Led by Arcola Energy, the Scottish Hydrogen Fuel Cell Freight Trial (SHyFT) has confirmed that it has secured funding from the Department for Transport’s zero-emission road freight program to develop a trial of hydrogen fuel cell trucks, supported by a green hydrogen refueling infrastructure.
Based in Scotland, the project will assess whether zero-emission fuel cell electric vehicles (FCEV) are a viable option for freight operators seeking to decarbonize operations in emission-sensitive sectors such as forestry and food and drink logistics. During the trials, SHyFT will utilize existing green hydrogen supply and refueling infrastructure within Scotland by incorporating long-distance routes.
For the trial, Arcola will integrate its own scalable fuel cell powertrain platform into a glider chassis, while Scottish Power and BOC will provide green hydrogen production, supply and refueling insights.
Arcola’s A-Drive technology platform is a production-ready hydrogen fuel cell powertrain platform that can be scaled and adapted to suit a variety of different heavy-duty vehicles and fleets. As a result, both development time and total cost can be reduced. The platform consists of a fuel cell, battery, hydrogen storage, power electronics, thermal management, motor and brakes. The size of each component can be specified to meet the power requirements of an array of vehicles.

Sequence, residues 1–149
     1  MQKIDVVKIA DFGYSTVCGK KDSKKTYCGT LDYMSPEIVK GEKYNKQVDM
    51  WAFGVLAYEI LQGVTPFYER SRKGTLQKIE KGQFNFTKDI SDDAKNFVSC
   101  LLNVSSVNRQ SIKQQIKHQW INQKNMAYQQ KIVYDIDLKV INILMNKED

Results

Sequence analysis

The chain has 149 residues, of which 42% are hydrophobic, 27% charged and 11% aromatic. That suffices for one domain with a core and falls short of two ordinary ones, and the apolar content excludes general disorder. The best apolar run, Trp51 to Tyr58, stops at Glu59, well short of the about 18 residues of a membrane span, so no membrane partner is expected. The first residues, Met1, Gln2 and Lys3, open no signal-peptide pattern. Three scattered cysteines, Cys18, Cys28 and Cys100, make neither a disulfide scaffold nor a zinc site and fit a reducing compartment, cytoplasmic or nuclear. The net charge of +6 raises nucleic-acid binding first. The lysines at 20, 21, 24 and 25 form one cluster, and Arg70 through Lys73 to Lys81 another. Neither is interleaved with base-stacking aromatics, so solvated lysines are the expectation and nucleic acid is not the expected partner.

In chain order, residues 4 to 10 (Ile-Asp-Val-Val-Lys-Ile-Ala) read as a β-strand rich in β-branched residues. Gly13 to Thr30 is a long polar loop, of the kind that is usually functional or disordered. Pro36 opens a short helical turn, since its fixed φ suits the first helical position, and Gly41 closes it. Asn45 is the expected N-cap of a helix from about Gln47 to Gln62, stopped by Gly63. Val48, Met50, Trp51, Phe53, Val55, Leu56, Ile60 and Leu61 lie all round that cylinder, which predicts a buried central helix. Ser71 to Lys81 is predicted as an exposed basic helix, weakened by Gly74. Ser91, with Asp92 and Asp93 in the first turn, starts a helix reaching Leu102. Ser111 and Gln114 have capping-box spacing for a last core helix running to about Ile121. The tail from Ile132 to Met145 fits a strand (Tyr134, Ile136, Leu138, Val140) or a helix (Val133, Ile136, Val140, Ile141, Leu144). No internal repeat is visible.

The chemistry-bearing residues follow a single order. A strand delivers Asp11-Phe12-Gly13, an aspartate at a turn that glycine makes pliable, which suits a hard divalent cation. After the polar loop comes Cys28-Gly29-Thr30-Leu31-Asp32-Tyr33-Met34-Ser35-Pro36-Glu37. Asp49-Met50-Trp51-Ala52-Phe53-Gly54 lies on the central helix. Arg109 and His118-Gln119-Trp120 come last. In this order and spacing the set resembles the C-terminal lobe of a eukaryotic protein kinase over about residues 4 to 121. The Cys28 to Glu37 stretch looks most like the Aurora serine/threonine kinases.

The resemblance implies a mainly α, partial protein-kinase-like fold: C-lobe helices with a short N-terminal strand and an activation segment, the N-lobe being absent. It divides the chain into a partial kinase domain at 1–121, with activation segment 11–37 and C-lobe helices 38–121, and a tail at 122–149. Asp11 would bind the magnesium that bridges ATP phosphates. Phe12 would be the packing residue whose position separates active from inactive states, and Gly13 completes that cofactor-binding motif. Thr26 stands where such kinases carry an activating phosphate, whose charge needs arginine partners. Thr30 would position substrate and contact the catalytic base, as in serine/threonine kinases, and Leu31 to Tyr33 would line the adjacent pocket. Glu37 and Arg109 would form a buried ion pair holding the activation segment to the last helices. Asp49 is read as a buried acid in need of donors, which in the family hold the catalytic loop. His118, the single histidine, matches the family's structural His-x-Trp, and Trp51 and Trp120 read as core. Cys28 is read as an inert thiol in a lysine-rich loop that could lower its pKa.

With efficiency, reliability and durability a focus, the platform can also communicate data to drivers and fleet managers to reduce running costs over time.
Project partners include NewCold, which will provide a study on cold chain logistics, the Scottish Wholesale Association, the University of St Andrews, BOC and Scottish Power.
“The key objective of the project is to identify early adopters in heavy-duty freight sectors with a strong drive to decarbonize operations,” commented Richard Kemp-Harper, strategy director at Arcola Energy. “By understanding their use cases, we can specify vehicle and infrastructure requirements for what they need now, with a view to expanding capacity and capabilities in other sectors and vehicle types over time.”
Arcola will model and integrate early-adopter vehicle requirements into a trial concept design and vehicle development program. Following the outcome of the upcoming trial, a test fleet of 20-30 trucks may be used for a future study involving three existing refuelers, with the potential to add new installations during the trial. The project will also conduct a total cost of ownership (TCO) analysis, enabling operators to better understand and evaluate sustainability.
The Hydrogen Accelerator at the University of St Andrews will coordinate the study with the support of Arup.